After retiring from audiology some years ago, Susan’s finding life’s pretty good with lots of time to do what she likes. That includes walking, reading, having coffee with friends, and a bit of activism thrown in. Also, day by day doing her best not to worry too much over the many threats to our gorgeous planet.
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Meet Trevor. He’s had quite a colourful career, from his early days as a pub manager in Tunbridge Wells he went on to become Dunedin’s leading auctioneer. Trevor is a published author and was something of a TV personality in the 1980s as a regular panellist on a show about antiques.
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Emily is very loud, and has really bad taste in cheesy pop music. When not at work flogging goods to the public via advertising and marketing campaigns, she can be found hiding from her partner and children at the local pub. If you’re easily offended or don’t appreciate the constant use of profanities, then you probably shouldn’t read Emily’s posts. You have been warned!
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Angela has had many roles in her life including: schoolgirl, student, daughter, friend, civil servant, wife, lover, mother, manager, magistrate, landlady, teacher, grandmother, blogger, editor and proofreader.
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Food for thought An increase in mishaps involving stained clothing along with the newly proven fallacy that ‘I can manage!’ has forced me to accept that a change of diet will be needed if I want to continue to eat in public. It’s not the quality of the food or the presentation; it’s the mechanics of the thing. The stuff’s perfectly OK left on the plate, but when I try to eat it, it seems reluctant to accept its final destination, preferring instead my shirtfront, lap or the table-top. Being blind, I’m… Read More
A few weeks ago, I was pondering on the difference between an idiom and a cliché. I understood that the overall meaning of an idiom is different from the meaning of the individual words used, whereas a cliché is a phrase or expression which has been severely overused so as to become hackneyed and stale. In addition, I realised that many idioms, though by no means all, are also clichés This week I’m pondering on the difference between an idiom and a proverb and finding that, though the distinction is often clear,… Read More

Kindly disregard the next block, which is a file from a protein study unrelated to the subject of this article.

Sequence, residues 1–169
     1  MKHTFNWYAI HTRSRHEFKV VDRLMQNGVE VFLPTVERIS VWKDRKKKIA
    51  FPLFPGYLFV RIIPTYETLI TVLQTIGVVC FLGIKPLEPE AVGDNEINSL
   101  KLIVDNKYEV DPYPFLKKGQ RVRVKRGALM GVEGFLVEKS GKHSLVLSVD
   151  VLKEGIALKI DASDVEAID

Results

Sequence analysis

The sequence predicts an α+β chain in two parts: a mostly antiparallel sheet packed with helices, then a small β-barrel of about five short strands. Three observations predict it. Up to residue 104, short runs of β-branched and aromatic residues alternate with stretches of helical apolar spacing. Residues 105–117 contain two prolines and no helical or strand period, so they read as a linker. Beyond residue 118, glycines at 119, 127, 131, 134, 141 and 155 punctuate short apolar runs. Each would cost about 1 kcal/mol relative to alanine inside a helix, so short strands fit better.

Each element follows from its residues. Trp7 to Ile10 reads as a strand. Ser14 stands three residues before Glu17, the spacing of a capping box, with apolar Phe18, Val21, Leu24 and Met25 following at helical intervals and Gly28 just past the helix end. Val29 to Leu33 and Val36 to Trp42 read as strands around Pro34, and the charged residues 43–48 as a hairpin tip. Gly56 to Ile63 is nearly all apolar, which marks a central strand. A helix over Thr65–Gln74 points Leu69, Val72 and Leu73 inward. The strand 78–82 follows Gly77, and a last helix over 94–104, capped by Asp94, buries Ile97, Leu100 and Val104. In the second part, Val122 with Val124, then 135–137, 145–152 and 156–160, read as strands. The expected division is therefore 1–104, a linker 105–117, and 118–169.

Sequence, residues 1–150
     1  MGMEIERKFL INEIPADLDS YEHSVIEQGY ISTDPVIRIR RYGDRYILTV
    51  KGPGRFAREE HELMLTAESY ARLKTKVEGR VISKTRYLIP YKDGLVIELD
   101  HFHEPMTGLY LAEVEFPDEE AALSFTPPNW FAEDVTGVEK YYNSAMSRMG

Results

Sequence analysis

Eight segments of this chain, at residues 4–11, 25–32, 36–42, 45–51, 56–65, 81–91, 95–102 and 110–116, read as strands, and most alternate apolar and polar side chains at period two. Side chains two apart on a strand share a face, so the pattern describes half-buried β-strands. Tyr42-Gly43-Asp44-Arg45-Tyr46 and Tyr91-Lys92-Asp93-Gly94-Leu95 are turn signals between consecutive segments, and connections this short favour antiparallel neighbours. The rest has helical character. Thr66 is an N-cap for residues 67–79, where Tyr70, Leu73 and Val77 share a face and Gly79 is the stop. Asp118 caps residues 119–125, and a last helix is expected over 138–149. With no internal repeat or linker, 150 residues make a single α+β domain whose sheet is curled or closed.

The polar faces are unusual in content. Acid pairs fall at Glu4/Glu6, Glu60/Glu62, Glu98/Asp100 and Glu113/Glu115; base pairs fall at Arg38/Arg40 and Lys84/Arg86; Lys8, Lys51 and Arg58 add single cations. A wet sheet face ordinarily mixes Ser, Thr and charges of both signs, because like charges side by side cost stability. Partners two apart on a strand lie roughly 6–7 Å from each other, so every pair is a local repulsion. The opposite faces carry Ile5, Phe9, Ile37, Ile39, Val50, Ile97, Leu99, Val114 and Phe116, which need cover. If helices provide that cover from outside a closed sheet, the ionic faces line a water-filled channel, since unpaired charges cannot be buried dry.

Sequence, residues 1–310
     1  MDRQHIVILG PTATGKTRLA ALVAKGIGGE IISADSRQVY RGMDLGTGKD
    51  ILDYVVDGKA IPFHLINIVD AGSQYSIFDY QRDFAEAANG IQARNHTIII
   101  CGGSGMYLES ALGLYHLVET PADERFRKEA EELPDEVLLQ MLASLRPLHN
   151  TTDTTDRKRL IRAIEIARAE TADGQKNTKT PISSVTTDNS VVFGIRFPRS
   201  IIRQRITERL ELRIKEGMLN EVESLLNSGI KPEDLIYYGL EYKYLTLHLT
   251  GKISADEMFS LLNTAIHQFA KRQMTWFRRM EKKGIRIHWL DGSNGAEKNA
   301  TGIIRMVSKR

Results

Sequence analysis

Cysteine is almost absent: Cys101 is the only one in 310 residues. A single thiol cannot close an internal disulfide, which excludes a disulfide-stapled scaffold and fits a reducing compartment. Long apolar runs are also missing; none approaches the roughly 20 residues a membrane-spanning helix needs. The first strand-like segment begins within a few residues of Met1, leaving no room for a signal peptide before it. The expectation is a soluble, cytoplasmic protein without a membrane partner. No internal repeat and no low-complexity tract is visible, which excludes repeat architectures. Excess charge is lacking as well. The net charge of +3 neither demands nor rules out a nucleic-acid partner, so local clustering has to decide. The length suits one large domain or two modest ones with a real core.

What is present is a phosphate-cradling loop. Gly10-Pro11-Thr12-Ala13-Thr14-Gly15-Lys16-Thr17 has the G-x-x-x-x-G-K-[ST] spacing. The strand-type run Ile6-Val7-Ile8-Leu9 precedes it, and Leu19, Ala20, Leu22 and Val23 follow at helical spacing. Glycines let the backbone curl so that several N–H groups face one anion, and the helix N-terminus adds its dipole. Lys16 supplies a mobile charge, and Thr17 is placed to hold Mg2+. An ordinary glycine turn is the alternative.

Last week I was invited/cajoled/told in no uncertain terms that I would be attending Bandquest which according to its website is ‘A platform for the next generation of contemporary musicians to step out and perform in a supportive and encouraging competition format.’ I went along not feeling supportive or encouraging and rather wishing I could be at home in front of the TV on a Friday night. However, my just-turned 13 daughter was performing as the drummer with her band Socially Awkward, so I felt a little obligated. I don’t do gigs…. Read More
My contribution to the world of sport is minimal to say the least. As a result of family circumstances, I was neither watched nor encouraged to play team sports. Painfully thin, I learned early in life that physical well-being was preferable to the risks posed by playing school sports. These days however, I live in a country where a sprained All-Black thumb can send a decent percentage of the population into stress mode. Even my grandsons have been peer-pressured into joining these educationally approved forms of ritual abuse. Most thinking adults struggle… Read More
I’ve been feeling giddy lately – my brain is spinning, and here’s why. It has come to my attention, through an amazing book I’ve been reading, that most of the problems of the world – and there are many – are caused by us poor humans not realising that we think in circles and vicious ones to boot. Cause and effect Starting with a very obvious example – black people in America were all slaves at first. When slavery ended in 1865 do you think black people then started to flock into… Read More